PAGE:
Over the years, many people have debated whether NCAA athletes should be paid for the revenue they generate for their school. This long-winded debate has led to no action by the NCAA, and this will likely continue to be the case for years to come. Another common conversation regards the fact that Division III NCAA athletes do not receive athletic scholarships, even though most Division III institutions are private and cost more than a big-name Division I state school. It is a frequently discussed issue for good reason — money is involved.

Throughout the last decade, news outlets have raised the question of whether Division I athletes should be paid for time dedicated to sport, which leads to national recognition and revenue for their school. Many are attached to the idea that the principles of amateurism justify the lack of pay.

This justification is unpopular with many Division I athletes for a number of reasons, said Zach Austin, senior wide receiver for the Texas Tech University football team.

“I think we should be paid according to the amount of hours that we work, just like a real job. That’s basically what we’re doing here but we don’t get paid like people who work while also doing school. Think about having to get up every morning at 5:45 a.m. and not being able to study or do anything till about 7:30 p.m. at night,” Austin said.

“Specifically talking about sports at Tech, I know that the money we generate here far outweighs any other money-making aspect at this school. Same goes for other big-name schools. Not to mention, I am almost certain that the money we generate isn’t all going back to athletics; it goes back to the school in the areas that the school sees fitting, which does nothing for us but a lot for them without even having to compensate us monetarily.”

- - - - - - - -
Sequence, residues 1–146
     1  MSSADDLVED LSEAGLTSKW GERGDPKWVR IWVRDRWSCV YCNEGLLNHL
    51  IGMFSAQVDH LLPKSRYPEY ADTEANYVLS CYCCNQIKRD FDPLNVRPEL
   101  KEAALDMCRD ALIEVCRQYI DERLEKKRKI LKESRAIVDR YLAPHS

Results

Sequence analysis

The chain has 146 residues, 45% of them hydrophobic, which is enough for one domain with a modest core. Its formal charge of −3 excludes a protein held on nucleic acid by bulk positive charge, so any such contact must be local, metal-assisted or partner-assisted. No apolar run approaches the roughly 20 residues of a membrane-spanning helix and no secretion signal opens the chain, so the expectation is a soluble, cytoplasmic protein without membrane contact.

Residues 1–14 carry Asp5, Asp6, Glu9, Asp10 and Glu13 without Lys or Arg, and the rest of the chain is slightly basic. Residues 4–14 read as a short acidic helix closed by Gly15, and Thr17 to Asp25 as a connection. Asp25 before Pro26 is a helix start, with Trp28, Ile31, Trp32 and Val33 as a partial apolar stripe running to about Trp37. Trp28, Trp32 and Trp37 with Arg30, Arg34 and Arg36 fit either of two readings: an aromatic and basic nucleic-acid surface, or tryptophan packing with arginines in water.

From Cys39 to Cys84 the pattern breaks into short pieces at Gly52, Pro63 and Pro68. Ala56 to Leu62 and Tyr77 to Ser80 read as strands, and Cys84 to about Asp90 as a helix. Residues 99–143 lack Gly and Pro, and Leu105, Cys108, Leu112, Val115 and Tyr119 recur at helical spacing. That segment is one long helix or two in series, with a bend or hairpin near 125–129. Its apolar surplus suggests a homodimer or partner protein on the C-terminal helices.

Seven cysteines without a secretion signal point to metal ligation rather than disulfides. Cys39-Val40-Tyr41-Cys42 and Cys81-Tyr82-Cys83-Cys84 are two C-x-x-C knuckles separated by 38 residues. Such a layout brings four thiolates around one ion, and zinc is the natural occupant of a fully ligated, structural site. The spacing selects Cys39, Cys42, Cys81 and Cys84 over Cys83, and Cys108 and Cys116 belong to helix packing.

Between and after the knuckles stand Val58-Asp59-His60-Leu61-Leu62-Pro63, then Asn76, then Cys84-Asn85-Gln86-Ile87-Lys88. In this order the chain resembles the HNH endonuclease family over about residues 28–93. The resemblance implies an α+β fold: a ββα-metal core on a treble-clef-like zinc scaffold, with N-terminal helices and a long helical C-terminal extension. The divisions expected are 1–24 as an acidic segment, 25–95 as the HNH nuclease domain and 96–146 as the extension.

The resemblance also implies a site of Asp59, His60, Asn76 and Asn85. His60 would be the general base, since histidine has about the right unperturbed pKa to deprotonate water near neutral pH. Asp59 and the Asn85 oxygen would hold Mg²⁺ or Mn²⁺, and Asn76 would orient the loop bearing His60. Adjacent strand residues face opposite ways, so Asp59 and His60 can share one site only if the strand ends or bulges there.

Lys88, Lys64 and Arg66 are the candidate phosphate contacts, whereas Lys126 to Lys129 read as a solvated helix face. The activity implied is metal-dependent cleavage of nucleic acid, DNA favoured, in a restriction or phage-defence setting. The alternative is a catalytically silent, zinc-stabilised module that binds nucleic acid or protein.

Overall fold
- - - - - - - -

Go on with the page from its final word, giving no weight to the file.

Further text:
Along with Division I athletes like Austin, many professional athletes share this sentiment. In an interview he gave during the Super Bowl XLIX media week, Richard Sherman, cornerback for the Seattle Seahawks, suggested that Division I athletes are not compensated well enough for the amount of work they put in, and said he believes people are not fully aware of the sacrifices many student athletes have to make in order for their schedule to work.

Although Trinity is  successful in terms of athletics, athletes receive no compensation. Trinity athletic director of NCAA compliance  Justin Parker asserts there is good reason for this.

“From my perspective, the reason that Division III does not do scholarships is that they want to be more academically driven. Top Division III institutions are looking for the student first, and the athlete second. We are looking for the true student athlete. There are no athletes that come here expecting to take classes that are easy because they play a sport, and at some Division I institutions, that may be the case,” Parker said.

Trinity basketball head coach, Pat Cunningham, also explained his stance on the subject.

“There are over 400 schools who philosophically feel that athletic scholarships is not the way to go. They feel the money should go to academic-based scholarships, need-based scholarships and other programs. That is the driving force— that collective 400 something schools who feel like the money shouldn’t go to athletic scholarships,” Cunningham said.

It seems that the discrepancy between Division I athletes receiving athletic scholarships while Division III athletes receive nothing has much to do with the academic standards their schools set for them. The Division III scholarship debate is less centered around what the athletes offer the school revenue-wise, and more concerned with their well-roundedness.